I’m on the far left, back row, apparently plotting my next move…

Last weekend, I was thrilled to be a part of the second annual Boston Teen Author Festival, held at the Cambridge Public Library. Twenty-two YA authors from New England took part in panel discussions, a spirited full-group Q&A session with organizer Renee Combs, plenty of time to meet and mingle in the halls, and book signing.

The best part of this day-long, high-energy event? Meeting so many actual teen READERS! I was so impressed by the distances some people had traveled (or that some supportive parents had driven!) to get to this event. I met an aspiring writer from New Hampshire, two devoted readers from Connecticut, and many others.

I got to speak on the “Uncover the Mystery” panel with a great group of partners-in-crime in the mystery writing business! We talked about planning (and planting) clues in advance versus letting the story unfold, raising the stakes for young sleuths, writing for younger versus older readers on the YA spectrum, and many other topics.

Our dazzling Emerson College moderator! Plus myself, Jack Farraiolo, and Jack’s Edgar Award


More partners in crime: panelists Kathryn Burak, Erin Dionne, and Marissa Doyle

I loved hearing about everyone’s processes, and our interrogators — I mean, audience members — asked some pretty sharp questions.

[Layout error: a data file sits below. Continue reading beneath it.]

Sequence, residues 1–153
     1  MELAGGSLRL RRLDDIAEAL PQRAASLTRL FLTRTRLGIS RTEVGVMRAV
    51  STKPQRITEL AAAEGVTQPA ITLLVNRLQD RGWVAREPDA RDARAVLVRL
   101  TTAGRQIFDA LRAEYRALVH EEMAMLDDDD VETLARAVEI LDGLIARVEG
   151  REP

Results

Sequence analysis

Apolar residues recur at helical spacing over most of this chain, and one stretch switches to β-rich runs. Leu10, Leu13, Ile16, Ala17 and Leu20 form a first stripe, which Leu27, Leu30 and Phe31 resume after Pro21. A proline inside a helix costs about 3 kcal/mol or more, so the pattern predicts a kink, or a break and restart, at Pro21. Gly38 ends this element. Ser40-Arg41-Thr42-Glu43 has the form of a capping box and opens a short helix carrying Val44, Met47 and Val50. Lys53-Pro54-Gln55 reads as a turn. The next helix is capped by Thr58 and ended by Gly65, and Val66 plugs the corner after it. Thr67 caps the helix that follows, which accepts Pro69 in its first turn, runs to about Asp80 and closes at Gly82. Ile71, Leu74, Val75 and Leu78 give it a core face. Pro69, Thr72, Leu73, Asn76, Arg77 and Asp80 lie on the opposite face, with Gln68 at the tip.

Afterward, I got a close-up look at Jack Farraiolo’s Edgar Award. These are like the Oscars for mystery writers, so it was pretty exciting to see one so close — especially since it wasn’t exactly what I expected!

This is a replica of Edgar Allen Poe’s head, and an actual, non-replica of an Edgar Award

Moments after the above picture was taken I ended up spilling my coffee perilously close to Jack’s Edgar. Fortunately I had my trusty Tokyo Heist crime scene tape to block off the scene of the crime while it was cleaned up for the next panel.

Crime scene tape. I never travel without it!

We ended the day with a big Rockettes-style song and dance number that brought the house down:

Um, okay, no. Actually we were all pretty tired. Maybe the song and dance number next year.

I want give a HUGE thanks to Renee Combs, Marissa Finkelstein, Ashley Alongi, Kylie Brien, and all the other Emerson College alumni and students who put this together, as well as the Cambridge Public Library. We are so rich in writers, readers, and libraries in New England, and this festival was a great celebration of all that!

(And thank you Ashley Alongi and others for the photos — all pictures here were swiped borrowed from BTAF).